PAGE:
US Army Corps of Engineers
Portland District Website Website

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Phone: 503-808-4510

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Dam Safety - Managing Risk

Risk is a function of three components: The potential hazards or future loading, the dams performance given that loading and the consequences of a dam breach if the dam does not perform as intended. Potential hazards include large regional floods, earthquakes, landslides, rapid pool fluctuations, and other events. The expected performance of the dam is evaluated based on criteria used at the time of its design, construction documentation, historical performance, site investigations and advanced analysis. Consequences are estimated based on computer simulations of flood inundation extents, flood wave arrival times, warning times, the time of day at breach, and other factors.

Risk assessments

Periodic Assessments: are routine dam safety activities that the Corps performs every 10 years on all Corps-owned dams. We schedule Periodic Assessments conjunction with five-year Periodic Inspections.  Multi-disciplinary teams and trained facilitators from outside of Portland District conduct the assessments.  The Periodic Assessment includes a review of background information, a site-visit, a potential failure modes analysis, and a semi-quantitative risk assessment. The assessment also provides an opportunity to review the dam's risk classification and make recommendations for future study and operations and maintenance actions.

Issue Evaluation Studies: (more details below) are advanced dam safety risk assessments that the Corps prioritizes and funds on a national basis. We use the IES to evaluate the condition and risks associated with our dams. These studies provide data that will give us additional information to understand conditions within the dams and in their foundations, helping to evaluate risks and determine the degree of urgency for action within the context of the Corps’ national dam portfolio. The Corps completes an IES in phases, which include:

  • Data gathering phase: field investigation, regional hydrologic analysis, regional potential seismic hazard analysis, advanced structural analysis, etc.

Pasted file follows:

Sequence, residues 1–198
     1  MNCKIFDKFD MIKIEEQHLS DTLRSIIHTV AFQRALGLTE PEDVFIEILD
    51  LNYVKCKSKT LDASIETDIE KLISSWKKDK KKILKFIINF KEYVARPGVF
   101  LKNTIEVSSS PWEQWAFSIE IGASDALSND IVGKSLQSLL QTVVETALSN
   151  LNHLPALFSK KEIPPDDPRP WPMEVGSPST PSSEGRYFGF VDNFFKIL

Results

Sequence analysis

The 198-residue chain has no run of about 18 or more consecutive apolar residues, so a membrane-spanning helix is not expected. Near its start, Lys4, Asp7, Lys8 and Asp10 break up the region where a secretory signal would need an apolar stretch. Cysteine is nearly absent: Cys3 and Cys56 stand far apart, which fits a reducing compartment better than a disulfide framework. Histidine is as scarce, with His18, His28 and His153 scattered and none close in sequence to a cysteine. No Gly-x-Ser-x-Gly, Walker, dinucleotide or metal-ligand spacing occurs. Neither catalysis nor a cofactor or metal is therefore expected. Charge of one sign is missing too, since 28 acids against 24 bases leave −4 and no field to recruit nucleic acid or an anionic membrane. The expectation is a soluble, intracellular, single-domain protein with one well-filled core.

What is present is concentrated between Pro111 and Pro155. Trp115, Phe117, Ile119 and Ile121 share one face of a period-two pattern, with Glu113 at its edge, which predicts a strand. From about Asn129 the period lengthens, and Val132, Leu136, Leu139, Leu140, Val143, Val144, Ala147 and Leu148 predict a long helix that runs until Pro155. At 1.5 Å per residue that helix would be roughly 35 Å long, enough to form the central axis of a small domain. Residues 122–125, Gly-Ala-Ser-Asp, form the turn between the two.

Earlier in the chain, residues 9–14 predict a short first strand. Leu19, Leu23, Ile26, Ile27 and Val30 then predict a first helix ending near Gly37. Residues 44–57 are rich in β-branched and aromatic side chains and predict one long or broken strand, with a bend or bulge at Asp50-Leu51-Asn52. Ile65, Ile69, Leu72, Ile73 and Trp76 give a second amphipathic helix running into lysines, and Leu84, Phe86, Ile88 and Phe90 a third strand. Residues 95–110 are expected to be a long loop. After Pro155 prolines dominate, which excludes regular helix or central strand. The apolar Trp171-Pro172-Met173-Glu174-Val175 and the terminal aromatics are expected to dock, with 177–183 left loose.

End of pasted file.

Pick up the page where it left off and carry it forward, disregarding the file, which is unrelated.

• Evaluation phase: assessing the probability and consequence of ways the dam could fail
  • Documentation/report writing phase
  • Decision-making phase: do we need to more evaluations, do we need to implement interim risk reduction measures, and/or do we need to fix something?

Dam Safety Modification Studies: are planning studies that evaluate long-term risk reduction actions and alternatives. The goal of the study is to formulate alternatives or combinations of alternatives that lower a dam's total risk to be within tolerable risk guidelines. The Corps evaluates the alternatives for their cost effectiveness of reducing the risk to, and below the minimum safety criteria. The resultant Dam Safety Modification Decision Document will present a comparison of alternatives and the recommended risk management plan – to include actions, implementation plans, detailed cost estimates and environmental analyses. 

Interim Risk Reduction Measures: are short-term actions that the Corps can take to reduce risk, based on information gathered during risk assessments or inspections. We implement these to reduce risk while we study potential dam safety issues further, perform maintenance actions, or pursue long-term modifications. Examples of interim risk reduction measures include structural measures, increased inspection and monitoring, dam safety training, stockpiling of emergency materials, operational changes or restrictions, updating and exercising Emergency Action Plans, and increased risk communication and coordination.

Current & scheduled risk assessments in the Willamette Valley​ ​​